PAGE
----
Monthly Archives: August 2012

My Life in Titles, or The Title Game, or Adventures of a Title Maven, or Titles: The Writer’s Indispensable Tool, or What’s in a Title?, or…

Among the immortal literary classics to be found on the bookshelves of every civilized person are such books as Trimalchio in West Egg, My Valley, Pumphre, and Tom-All-Alone’s the Ruined House.

Do you mean to say you’ve never heard of them?

Actually, those were the titles before the author or publisher thought better of them. You undoubtedly know them as The Great Gatsby, East of Eden, Babbitt, and Bleak House. It’s hard to know whether they would have endured despite their dreadful original titles, but it does make us wonder. In fact, book editor and author Andre Bernard wondered so much about titles that he produced a whole book about them, Now All We Need Is a Title: Famous Book Titles and How They Got That Way.

The first problem most authors face when commencing a book or story is what to call it. Many writers cannot start writing until the question of title is settled, for among its many functions, the title helps an author focus on the point of his tale, its theme, mood, tone of voice, and the nature of the audience that will be reading it. Each version of the title of this article represents a different solution to the challenge of how to approach this subject. Do I play it straight or cute? Grimly academic, pedantically classical, or cleverly metaphorical? Luckily, for purposes of illustration, I was able to use all of them. I doubt if we shall see such an opportunity again in our lifetime.

I am a connoisseur of very few things, but I do consider myself one on the subject of book titles. It is certainly not a form of expertise I deliberately set out to develop. But even if you have a tin ear, over decades of immersion you do become something of a maven in this sub-sub-sub-species of literary endeavor.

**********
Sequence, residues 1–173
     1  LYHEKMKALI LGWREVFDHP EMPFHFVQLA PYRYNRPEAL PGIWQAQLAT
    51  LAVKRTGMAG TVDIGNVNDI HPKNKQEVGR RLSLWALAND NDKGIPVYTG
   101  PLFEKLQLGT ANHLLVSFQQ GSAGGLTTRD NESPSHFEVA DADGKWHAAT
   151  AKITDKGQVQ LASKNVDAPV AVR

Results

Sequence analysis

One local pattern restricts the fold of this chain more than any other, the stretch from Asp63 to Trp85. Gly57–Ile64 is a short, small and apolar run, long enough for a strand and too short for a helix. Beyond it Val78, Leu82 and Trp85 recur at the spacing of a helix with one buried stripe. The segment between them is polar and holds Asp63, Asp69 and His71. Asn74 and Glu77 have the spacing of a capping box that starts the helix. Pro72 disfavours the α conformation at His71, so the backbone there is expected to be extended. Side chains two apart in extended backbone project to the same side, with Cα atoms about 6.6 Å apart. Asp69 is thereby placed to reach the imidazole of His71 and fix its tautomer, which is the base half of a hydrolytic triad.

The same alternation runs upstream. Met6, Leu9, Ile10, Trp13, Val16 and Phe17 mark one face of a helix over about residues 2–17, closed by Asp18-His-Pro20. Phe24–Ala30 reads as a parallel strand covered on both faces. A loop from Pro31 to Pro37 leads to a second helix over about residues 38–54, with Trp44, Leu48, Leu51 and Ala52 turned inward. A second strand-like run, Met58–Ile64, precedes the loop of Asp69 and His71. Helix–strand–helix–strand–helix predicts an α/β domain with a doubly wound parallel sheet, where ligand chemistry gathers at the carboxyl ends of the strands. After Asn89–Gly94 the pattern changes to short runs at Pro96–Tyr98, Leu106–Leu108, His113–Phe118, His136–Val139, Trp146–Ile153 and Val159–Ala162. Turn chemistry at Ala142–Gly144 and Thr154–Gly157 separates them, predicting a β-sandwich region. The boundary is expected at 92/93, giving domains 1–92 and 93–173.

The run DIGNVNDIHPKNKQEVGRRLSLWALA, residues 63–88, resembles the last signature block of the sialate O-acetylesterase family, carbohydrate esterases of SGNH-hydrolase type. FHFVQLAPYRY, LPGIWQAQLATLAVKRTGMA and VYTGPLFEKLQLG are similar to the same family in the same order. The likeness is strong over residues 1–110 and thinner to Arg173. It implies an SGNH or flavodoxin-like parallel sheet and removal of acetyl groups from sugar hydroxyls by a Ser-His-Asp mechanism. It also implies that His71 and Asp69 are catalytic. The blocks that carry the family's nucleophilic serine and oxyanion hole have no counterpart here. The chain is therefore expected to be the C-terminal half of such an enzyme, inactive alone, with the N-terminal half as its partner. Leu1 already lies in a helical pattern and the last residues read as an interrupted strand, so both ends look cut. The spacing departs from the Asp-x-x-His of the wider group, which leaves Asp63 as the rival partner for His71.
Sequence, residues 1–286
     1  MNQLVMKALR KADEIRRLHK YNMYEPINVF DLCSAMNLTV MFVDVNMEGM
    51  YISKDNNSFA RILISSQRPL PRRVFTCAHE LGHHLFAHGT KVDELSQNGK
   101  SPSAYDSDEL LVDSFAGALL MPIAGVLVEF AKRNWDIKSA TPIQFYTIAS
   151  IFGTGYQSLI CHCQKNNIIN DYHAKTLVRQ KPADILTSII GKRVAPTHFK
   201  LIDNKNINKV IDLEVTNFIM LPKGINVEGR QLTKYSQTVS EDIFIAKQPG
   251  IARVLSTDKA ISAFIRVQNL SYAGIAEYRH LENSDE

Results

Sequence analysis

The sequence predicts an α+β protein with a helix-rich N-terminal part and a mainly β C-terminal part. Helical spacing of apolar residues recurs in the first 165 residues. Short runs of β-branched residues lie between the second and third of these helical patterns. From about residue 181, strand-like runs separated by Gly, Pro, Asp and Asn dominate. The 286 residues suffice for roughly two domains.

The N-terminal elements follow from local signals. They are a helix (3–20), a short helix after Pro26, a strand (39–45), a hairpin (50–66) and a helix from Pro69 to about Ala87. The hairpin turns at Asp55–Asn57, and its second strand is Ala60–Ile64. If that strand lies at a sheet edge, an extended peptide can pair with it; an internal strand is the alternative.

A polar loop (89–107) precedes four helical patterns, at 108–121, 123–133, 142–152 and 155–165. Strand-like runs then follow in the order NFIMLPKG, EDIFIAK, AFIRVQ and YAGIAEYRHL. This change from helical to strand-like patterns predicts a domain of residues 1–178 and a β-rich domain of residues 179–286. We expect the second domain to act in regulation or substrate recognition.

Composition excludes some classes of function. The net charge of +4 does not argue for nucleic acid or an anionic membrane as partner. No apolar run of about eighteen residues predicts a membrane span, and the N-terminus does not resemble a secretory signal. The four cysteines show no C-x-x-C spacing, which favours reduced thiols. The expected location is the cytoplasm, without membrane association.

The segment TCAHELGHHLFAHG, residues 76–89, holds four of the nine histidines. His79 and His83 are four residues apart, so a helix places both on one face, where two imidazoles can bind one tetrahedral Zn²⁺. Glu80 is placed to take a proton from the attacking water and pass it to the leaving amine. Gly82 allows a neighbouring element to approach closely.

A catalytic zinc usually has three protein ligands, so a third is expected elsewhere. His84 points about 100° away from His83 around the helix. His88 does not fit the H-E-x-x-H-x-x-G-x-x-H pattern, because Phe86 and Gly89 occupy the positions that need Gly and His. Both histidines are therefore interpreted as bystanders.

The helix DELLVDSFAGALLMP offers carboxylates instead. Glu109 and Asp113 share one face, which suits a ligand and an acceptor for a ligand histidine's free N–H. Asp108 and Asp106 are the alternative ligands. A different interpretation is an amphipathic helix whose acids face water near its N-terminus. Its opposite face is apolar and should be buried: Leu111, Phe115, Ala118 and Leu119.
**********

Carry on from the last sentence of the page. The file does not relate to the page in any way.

There are worse things one could be. The first impression you form of a book is the one evoked by its title, and its impact on you is no less significant than the one you form upon first setting your eye on a stranger. Your bond with a book commences with its title: your mind and heart are subliminally conditioned by a title to anticipate the book’s message and respond to its contents.

The title of a book is its most important sales feature; you are often intrigued or put off by its title long before you see its cover, study its jacket blurbs, or browse through its contents to decide whether or not you want to purchase it. It is therefore not hyperbolic to suggest that many consumers make their decision to buy a book or pass it up on the strength or weakness of its title. Perhaps you can’t tell a book by its cover, but by its title? I think you can.

Little wonder, then, that authors, editors, and agents spend an inordinate time seeking les mots justes for the titles of their books. I keep a file of terrific titles for which no books have yet been written, and when a client complains about being stumped for one, I haul out my list and see if I can make a match. When I was a freelance writer, I collaborated with Elizabeth Hogan on a Doubleday book describing the dangers of nuclear power plants that were then beginning to proliferate in the United States. We took our title from Robert Frost’s poem “Fire and Ice”: Those Who Favor Fire. We thought it was a brilliant choice.